We were so close. It almost happened. We were weeks away, but, in the end, siblings Kaleena and Paul Rallis pulled the plug on the Karoondinha music festival.
It’s too bad. In fact, it’s way too bad. The scene was set for an epic first run, with an ideal setting out at Penn’s Cave, a slew of top shelf acts including The Roots, John Legend, Chance the Rapper, Odesza and, of course, a who’s who of our local music scene getting the chance to rub shoulders with industry big wigs and artists.
The official statements released by the Rallises sound transparent and forthcoming. It was a classic overshoot. They came home, they went big and they couldn’t quite pull it all together, despite what, by all signs, was a heartfelt effort intended to throw a big party in their hometown.
“From the beginning, our vision was to create a unique destination experience that brings music fans and artists together for an amazing weekend in a beautiful setting. ... We are fully committed to returning and are working to confirm alternate dates and arrangements,” a statement on the Karoondinha website said.
The festival seemed to emerge out of nowhere a little less than a year ago, and there was a healthy local buzz. However, it was going to take more than local interest to make it a success, as the Rallises were hoping for 30,000 attendees. With approximately 40,000 people in State College and around 160,000 in Centre County, local interest alone would not be enough.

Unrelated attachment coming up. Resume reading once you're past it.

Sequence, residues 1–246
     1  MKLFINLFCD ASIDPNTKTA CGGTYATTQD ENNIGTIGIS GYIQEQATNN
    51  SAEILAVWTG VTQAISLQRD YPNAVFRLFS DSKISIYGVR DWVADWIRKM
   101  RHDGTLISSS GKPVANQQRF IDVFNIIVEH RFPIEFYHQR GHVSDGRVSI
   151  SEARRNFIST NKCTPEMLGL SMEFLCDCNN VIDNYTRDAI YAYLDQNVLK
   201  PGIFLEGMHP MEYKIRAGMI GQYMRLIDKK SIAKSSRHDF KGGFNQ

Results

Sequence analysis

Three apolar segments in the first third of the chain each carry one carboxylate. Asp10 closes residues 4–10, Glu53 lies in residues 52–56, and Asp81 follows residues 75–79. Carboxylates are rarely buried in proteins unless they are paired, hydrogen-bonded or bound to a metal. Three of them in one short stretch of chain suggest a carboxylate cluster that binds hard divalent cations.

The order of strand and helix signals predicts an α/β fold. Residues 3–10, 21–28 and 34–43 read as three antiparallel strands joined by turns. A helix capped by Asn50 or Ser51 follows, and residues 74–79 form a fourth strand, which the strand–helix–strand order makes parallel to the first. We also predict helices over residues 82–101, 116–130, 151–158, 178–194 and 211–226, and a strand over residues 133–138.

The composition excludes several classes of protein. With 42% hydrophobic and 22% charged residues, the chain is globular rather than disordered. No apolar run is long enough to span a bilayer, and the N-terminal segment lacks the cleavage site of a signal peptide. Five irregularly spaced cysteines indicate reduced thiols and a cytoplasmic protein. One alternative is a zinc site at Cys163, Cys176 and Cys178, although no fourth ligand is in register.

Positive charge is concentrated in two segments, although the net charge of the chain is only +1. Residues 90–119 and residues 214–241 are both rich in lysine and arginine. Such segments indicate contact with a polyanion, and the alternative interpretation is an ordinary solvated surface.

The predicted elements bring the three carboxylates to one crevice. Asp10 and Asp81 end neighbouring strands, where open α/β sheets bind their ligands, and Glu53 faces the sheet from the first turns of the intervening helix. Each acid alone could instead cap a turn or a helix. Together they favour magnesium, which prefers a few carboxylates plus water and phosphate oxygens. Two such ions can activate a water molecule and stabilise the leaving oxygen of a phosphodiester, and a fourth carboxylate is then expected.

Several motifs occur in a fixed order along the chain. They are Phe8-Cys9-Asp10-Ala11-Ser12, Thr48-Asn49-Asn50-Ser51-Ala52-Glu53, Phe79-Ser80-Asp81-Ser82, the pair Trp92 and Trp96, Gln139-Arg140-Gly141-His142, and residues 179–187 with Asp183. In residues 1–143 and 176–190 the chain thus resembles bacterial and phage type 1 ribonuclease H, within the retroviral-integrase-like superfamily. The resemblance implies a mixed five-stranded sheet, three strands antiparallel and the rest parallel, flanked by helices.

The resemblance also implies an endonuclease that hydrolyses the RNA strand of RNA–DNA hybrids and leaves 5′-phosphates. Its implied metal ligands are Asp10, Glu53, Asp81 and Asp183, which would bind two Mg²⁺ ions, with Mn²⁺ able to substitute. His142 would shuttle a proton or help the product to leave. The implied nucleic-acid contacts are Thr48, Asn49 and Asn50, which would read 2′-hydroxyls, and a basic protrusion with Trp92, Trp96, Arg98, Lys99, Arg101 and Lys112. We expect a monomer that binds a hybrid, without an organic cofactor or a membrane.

So, it was a festival marketed on a national scale, with music industry powerhouses like Billboard reporting on the cancellation. The Billboard coverage also reported on the cancellation trend occurring this festival season, most notably the cancellation of the Fyre Festival, which was supposed to be held in April and May in the Bahamas, and catered to celebrities and/or wealthy festival goers.
I don’t know much about organizing a festival. I’ve played a handful in various bands in which there were at least regional acts who were headliners, and one in which a member of music industry royalty graced the stage, but I’ve never been involved in organizing one. It seems like it would be a bear. What I can do is write about the festival and quip about what it would have meant for our local community.
First, I’ll say it was really cool to see announcements from Pure Cane Sugar, Eric Ian Farmer, Erin Condo McKracken, Miss Melanie and the Valley Rats and Chris Rattie about having an opportunity to play the festival. For some of these local musicians, it may have been the big break they are waiting or hoping for.
Honestly, I started thinking a few of them would be scooped up by someone, or at least John Legend would go back to whomever his people are and tell them about, say, Farmer’s soaring vocals and energy or Pure Cane’s heart-melting harmonies. That would have been a jolt to our entire scene, and maybe would lead to a resurgence of local opportunities to play, since now they are at what is an all-time low since at least 2009.
Either way, it’s off the table, and what was going to be a great local event will hopefully be rescheduled for sometime in 2018. If it is, I hope the Rallises bring the same commitment to local music — which is also irresistibly affordable, albeit less marketable — and find the sweet spot in the balance between our local aces and the big-budget performers.
Centre County and all its amazing businesses and residents will welcome an upscale music festival with open arms, and it’ll be a great, big party for all involved.
Kevin Briggs is a musician, writer and teacher who performs at venues throughout central Pennsylvania. Contact him at KevinTBriggs@gmail .com.